We take a wider view of Hebb’s transgressions which stemmed from the limitations of their staining technique. Cajal used Golgi’s silver stain, which however, could not stain the nECM around neurons (see above discussion). Thus, he drew “naked neurons”, suspended in empty space. Though later generations of neurobiologists (after 1960) could no longer deny the reality of the nECM [57], they still ignored it’s possible consequences for neural signaling, as well as the “message of neural shape” (Figure 1A). Most textbooks and current articles still present images of “naked neurons” without qualifying statements about the background. Thus, later generations of neurobiologists perpetuated Cajal’s “original sin”.

Without belaboring the point, we simply state that the neuron is neither mathematical nor “naked”. But it is emotional. We propose that memory is physically encoded as a collection of cuinfo within the nECM, the neuron’s “memory material” [59–60]. The NTs could be considered the molecular coding symbols for psychic states [15–19]. Equation 3 describes the formation of sets of cuinfo with different NTs, which permit the “chemo- coding” of emotive states not available to any other coding scheme (Baudot, Braille, binary, trinary, Morse). Nor can emotive states be simulated by binary-coded algorithms [61, 62]. We suggest that the earliest formed cuinfo become the templates for those formed later, which are transduced and stored in different anatomic compartments of the brain. The consolidation of these dispersed but entangled cuinfo into seamless memory is like the cloud computing of the internet. In the interest of space, we defer a more detailed discussion of the neural “read” / “write” mechanisms for another venue.

Paradigm Shift

The acquisition of a paradigm is a sign of maturity in the development of a scientific field [63]. And exchanging one paradigm for another with greater explanatory power, signals greater maturity. One can no longer evade the aforementioned anomalies of the Cajal’s and Hebb’s model of synaptic signaling, which require atonement, a rethinking of the canons of neurobiology.

The tripartite mechanism permits one to redeem the “sins” of Cajal and Hebb, by providing a molecular rationale with 7 virtues, as follows:

7 Virtues of the tripartite mechanism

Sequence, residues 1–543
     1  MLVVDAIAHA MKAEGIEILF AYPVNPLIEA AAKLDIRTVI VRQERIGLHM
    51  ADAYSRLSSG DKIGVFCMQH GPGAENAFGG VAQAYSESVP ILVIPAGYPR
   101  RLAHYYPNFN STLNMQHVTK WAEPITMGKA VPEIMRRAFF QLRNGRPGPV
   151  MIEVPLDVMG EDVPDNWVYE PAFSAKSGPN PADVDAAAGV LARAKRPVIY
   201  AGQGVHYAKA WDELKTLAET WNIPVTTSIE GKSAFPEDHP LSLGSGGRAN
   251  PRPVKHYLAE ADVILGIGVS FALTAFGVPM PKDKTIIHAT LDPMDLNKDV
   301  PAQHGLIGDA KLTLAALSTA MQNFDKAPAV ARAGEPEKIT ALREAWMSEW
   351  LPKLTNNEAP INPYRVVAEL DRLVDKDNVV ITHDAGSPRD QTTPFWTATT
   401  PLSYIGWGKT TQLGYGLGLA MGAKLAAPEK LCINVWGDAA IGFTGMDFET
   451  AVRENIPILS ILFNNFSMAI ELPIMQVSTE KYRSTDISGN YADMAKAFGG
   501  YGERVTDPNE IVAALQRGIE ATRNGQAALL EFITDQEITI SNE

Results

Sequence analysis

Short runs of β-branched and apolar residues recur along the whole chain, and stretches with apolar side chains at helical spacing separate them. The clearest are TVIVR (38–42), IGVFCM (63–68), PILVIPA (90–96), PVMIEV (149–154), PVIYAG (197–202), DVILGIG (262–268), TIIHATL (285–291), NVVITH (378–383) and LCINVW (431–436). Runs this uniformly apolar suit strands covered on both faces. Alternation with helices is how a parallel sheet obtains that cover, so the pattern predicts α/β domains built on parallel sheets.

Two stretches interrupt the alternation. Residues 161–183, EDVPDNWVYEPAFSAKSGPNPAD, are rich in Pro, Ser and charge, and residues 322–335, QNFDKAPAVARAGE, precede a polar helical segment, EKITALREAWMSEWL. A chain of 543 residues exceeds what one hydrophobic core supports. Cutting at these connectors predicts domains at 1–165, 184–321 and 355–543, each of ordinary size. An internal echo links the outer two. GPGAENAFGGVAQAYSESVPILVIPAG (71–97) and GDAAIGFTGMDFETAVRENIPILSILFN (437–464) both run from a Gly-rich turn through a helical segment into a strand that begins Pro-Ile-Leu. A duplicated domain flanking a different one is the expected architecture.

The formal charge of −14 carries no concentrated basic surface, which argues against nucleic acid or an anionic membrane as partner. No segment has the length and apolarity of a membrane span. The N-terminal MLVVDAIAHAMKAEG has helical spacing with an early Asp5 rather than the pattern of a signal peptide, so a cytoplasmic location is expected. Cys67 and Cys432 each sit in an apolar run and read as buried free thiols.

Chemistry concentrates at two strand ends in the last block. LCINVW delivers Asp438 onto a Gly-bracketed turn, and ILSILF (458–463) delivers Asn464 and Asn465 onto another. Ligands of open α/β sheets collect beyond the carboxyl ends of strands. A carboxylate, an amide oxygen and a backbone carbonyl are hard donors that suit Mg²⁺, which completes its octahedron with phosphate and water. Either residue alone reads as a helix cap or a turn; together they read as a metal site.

1. Employs available physiologic components (neuron, nECM, metals, NTs).
  2. Rapid, little energy requirements (< 400 cal/day human brain).
  3. High (near limitless) capacity (combinatorials of Avogadro 1023 number).
  4. Permits the neural encoding of cog-info, with NTs as emotive signifiers.
  5. Describes both short and long term memory in terms of chemical stability.
  6. Reveals connection between memory, its loss, and inherited or drug-induced malfunctions.
  7. Provides a chemographic representation of cognitive units of information (cuinfo), the basic “bits” from which memory is consolidated.

Essentially, we posit that memory is physically embodied by metal-centered complexes employed by the neuron to encode, store and recall cog-info in the nECM around the neurons. This mechanism permits neural function in regard to augmented learning and memory, interpreted as SP. The tripartite mechanism of neural memory provides a context in which SP is rendered operative as for example, the functioning of “engram neurons” [62].


It is said that God as well as the Devil are in the details. And so too for scientists who desire molecular-scaled details of mental processes. Modern neurobiologists can redeem their “guilt” over Cajal’s “original sin” and Hebb’s lapses, by confessing that the neuron’s shape and environment are relevant to its unique mentation talent, expressed as emotive memory, stored as engrams but without Ryle’s ghosts or Augustine’s spirits

Hebbs assigned increased learning/memory to the phrase “Synaptic Plasticity” (SP), the improved connectivity between two neurons in synaptic contact, which are consolidated by the neural net into coherent recall (learning and remembering). Recent literature also ascribes SP to connectivity between various anatomic compartments (i.e. hippocampus, thalamus, cortex, temporal lobe, etc.) of the brain. Thus, SP has anatomic aspects as well as neural network qualities. But underneath all, lies a molecular-scaled “chemo-coded” reality which must be confessed to atone the past “sins” of neurobiology, those of ignoring the nECM and the “message” of neural shape.

The tripartite mechanism complements the observed plasticity of neural nets that become modified as a result of learning. It adds molecular definition to the talent of neural recall. In addition to clarifying the underlying function of the extended neural shape (i.e. exposure to the nECM), it identifies a coding system for emotions in the form of NTs, molecules that elicit both physical reactions and psychic states from neural creatures (Table 1) that must learn and remember to survive.

We continue to mine the rich vein of published literature to cite works which support this tripartite mechanism of neural memory with emotive qualities. In following that vein, we employ the concepts and iconography of the chemist, to propose a chemo-coding process that underlies the most obscure qualities of our being, our ability to learn and to forget.